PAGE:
Jawbone's CEO sees a future where tiny sensors travel in your blood
"The first thing you have to crack though is actually getting people to wear it," Rahman said onstage at the Code/Mobile conference in Half Moon Bay, California.
"If you can keep it on all the time, the amount of information you get about the user is staggering."Most of that information still only scratches the surface of what sensors can do. The fitness trackers on people's wrists all track basics like steps, sleep, and heart rate, but that's a small slice of people's overall health.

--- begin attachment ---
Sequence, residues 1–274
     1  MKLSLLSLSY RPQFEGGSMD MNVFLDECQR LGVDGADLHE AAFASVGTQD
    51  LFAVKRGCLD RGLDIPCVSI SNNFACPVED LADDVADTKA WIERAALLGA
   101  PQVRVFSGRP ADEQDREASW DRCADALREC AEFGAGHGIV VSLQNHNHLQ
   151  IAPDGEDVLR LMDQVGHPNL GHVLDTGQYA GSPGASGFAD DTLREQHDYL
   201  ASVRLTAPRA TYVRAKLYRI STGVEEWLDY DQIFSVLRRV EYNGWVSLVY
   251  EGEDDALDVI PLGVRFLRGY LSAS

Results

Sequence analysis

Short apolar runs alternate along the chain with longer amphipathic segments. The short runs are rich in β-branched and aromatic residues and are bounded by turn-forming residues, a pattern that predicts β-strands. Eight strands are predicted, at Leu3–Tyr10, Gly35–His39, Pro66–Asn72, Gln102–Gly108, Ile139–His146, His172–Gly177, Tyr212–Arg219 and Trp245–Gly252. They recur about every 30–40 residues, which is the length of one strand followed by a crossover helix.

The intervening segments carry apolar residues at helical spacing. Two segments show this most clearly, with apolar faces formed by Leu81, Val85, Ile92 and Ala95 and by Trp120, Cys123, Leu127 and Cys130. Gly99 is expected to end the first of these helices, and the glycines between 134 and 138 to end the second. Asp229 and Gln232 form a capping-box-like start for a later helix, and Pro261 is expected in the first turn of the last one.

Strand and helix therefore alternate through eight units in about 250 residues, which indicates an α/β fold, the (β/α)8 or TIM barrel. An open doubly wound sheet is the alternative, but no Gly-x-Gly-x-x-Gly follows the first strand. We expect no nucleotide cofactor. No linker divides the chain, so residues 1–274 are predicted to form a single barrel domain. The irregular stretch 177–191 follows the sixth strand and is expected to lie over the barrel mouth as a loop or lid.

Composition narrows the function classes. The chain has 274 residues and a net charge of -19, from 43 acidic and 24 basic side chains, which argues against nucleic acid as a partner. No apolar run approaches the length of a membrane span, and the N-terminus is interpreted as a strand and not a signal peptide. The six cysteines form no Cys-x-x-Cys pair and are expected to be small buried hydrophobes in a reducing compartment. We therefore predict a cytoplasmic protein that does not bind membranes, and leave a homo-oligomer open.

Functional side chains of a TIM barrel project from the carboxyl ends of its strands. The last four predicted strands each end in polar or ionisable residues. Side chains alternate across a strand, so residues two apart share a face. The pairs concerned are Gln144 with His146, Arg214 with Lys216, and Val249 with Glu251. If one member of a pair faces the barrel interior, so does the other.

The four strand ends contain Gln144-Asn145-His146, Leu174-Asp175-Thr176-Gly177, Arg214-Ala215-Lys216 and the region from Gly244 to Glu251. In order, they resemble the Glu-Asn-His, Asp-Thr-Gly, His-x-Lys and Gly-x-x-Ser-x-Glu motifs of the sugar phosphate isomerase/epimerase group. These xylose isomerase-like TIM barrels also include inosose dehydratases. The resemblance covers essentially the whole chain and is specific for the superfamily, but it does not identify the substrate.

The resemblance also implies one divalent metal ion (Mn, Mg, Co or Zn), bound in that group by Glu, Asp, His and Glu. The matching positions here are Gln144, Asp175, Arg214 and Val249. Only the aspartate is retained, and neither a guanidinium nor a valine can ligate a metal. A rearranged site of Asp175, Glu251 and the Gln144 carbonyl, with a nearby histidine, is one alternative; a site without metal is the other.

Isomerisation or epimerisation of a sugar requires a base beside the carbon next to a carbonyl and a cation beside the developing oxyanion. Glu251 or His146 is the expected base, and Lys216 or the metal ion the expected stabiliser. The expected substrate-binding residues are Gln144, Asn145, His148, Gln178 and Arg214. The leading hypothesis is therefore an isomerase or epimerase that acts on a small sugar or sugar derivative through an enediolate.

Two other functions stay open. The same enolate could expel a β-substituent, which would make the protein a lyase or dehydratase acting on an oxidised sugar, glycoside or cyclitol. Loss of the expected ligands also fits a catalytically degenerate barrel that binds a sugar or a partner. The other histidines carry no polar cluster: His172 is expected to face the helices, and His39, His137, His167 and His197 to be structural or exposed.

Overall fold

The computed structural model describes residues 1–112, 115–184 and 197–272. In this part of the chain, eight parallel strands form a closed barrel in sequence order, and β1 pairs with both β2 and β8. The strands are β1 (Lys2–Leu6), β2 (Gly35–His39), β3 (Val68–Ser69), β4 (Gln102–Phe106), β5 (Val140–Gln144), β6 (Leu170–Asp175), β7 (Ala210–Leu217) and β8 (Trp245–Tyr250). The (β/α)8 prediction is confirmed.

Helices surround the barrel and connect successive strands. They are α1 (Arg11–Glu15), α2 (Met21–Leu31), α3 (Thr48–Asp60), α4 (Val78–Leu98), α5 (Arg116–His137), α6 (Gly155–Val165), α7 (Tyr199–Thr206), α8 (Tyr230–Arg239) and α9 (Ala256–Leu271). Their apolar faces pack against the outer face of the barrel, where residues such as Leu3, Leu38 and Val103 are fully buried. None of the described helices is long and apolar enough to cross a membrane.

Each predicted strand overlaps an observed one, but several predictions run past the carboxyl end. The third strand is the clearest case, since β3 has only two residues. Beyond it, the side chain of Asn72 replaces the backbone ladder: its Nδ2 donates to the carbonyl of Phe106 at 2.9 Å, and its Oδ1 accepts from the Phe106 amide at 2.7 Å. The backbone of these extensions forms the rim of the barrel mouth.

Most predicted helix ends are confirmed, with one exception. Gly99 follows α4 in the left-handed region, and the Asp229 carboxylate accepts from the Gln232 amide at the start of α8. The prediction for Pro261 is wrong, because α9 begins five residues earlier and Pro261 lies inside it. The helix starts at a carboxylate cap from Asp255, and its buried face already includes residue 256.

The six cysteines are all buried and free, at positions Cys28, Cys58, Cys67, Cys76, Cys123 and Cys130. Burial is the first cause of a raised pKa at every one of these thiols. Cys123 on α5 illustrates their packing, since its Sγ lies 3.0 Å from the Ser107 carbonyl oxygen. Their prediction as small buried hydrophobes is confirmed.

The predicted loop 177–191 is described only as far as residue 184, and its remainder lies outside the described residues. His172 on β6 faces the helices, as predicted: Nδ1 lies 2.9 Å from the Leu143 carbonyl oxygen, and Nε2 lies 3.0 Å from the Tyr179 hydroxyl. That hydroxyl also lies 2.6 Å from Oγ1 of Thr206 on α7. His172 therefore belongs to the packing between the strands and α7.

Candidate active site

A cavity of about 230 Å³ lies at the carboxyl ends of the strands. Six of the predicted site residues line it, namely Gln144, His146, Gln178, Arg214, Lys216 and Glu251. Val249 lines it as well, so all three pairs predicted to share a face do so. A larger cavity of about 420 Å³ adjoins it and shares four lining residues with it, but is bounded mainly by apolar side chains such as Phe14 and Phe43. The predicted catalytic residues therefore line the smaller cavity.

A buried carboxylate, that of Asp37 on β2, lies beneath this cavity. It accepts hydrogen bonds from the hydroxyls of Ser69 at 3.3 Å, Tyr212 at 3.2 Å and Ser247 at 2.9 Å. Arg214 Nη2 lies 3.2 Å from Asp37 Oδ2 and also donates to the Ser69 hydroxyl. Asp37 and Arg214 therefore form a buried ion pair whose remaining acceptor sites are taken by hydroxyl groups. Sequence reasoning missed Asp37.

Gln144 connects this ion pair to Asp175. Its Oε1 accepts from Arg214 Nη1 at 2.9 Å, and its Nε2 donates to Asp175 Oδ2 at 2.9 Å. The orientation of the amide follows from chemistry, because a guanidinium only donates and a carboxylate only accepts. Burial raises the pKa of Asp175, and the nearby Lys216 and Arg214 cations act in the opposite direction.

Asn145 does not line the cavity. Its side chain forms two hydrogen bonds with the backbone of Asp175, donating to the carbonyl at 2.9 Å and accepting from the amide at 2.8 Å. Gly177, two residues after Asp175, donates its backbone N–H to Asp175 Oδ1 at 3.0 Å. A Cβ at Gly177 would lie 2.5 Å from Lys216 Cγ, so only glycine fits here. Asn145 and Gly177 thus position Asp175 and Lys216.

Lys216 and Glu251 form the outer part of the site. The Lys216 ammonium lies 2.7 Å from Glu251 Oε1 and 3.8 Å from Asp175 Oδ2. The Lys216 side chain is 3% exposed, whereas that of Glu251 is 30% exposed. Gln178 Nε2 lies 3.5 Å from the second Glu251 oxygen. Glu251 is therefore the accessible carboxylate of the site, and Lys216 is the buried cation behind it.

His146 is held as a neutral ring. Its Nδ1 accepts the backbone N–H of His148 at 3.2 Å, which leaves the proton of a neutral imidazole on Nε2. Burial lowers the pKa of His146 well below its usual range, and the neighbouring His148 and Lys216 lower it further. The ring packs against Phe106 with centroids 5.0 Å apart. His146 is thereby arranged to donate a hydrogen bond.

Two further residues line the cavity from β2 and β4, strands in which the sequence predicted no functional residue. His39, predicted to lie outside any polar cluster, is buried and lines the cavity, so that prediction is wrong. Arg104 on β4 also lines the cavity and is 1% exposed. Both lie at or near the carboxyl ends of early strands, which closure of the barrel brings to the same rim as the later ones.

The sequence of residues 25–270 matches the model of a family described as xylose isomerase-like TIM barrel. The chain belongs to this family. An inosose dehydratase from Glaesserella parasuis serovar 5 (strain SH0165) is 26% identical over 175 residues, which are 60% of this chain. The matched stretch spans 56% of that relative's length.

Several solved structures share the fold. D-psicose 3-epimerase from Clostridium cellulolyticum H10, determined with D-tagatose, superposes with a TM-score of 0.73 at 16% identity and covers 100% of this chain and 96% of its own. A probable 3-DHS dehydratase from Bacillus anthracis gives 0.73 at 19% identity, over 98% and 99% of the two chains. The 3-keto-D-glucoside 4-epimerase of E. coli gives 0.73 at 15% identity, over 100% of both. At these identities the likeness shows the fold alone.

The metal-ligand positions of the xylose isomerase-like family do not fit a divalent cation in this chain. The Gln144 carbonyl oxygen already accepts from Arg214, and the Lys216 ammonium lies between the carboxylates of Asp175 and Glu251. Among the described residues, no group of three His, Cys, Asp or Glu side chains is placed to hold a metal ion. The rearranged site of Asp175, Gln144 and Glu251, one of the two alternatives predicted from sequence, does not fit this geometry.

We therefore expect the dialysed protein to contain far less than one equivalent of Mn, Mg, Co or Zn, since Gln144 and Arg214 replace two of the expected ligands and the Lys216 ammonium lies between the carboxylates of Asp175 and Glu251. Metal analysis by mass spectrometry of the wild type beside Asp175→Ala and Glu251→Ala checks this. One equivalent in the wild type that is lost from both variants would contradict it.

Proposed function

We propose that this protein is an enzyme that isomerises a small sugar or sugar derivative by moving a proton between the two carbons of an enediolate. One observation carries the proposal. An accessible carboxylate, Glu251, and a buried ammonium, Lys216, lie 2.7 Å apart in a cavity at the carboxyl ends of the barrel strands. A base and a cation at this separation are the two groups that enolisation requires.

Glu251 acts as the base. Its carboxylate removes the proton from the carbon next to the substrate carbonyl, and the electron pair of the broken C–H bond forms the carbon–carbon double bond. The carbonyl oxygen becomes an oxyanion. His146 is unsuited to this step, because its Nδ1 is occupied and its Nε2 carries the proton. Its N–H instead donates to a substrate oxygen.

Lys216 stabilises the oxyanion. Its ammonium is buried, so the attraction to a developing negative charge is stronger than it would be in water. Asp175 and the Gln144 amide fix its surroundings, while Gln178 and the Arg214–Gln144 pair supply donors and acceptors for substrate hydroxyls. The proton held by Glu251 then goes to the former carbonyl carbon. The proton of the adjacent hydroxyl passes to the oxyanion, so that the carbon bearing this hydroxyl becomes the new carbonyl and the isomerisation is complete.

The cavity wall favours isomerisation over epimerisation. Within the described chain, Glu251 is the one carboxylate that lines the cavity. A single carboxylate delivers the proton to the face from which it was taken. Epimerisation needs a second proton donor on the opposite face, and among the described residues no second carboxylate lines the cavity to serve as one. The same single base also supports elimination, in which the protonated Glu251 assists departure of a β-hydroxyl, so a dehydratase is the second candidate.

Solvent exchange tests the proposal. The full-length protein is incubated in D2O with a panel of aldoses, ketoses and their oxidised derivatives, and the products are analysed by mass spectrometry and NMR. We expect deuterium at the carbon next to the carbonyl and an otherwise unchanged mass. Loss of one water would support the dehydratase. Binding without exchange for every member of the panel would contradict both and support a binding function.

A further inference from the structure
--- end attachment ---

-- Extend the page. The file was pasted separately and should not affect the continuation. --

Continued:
Instead of implanting chips in our brain (or any other cyborg fantasy), Rahman sees a vision of the future where sensors are ingested. Some will "pass through you" - as Rahman put it eloquently - but others could stay in your bloodstream and monitor things like your circulation.
"There's a lot of innovation to be had," Rahman said.
That innovation shouldn't be limited to how or where these computers sense information either. All of this new data should be able to trigger actions in the environment around you, Rahman said.
"I can tell if you're in a car and your blood alcohol content is too high, and I can say, shut off the car," Rahman said.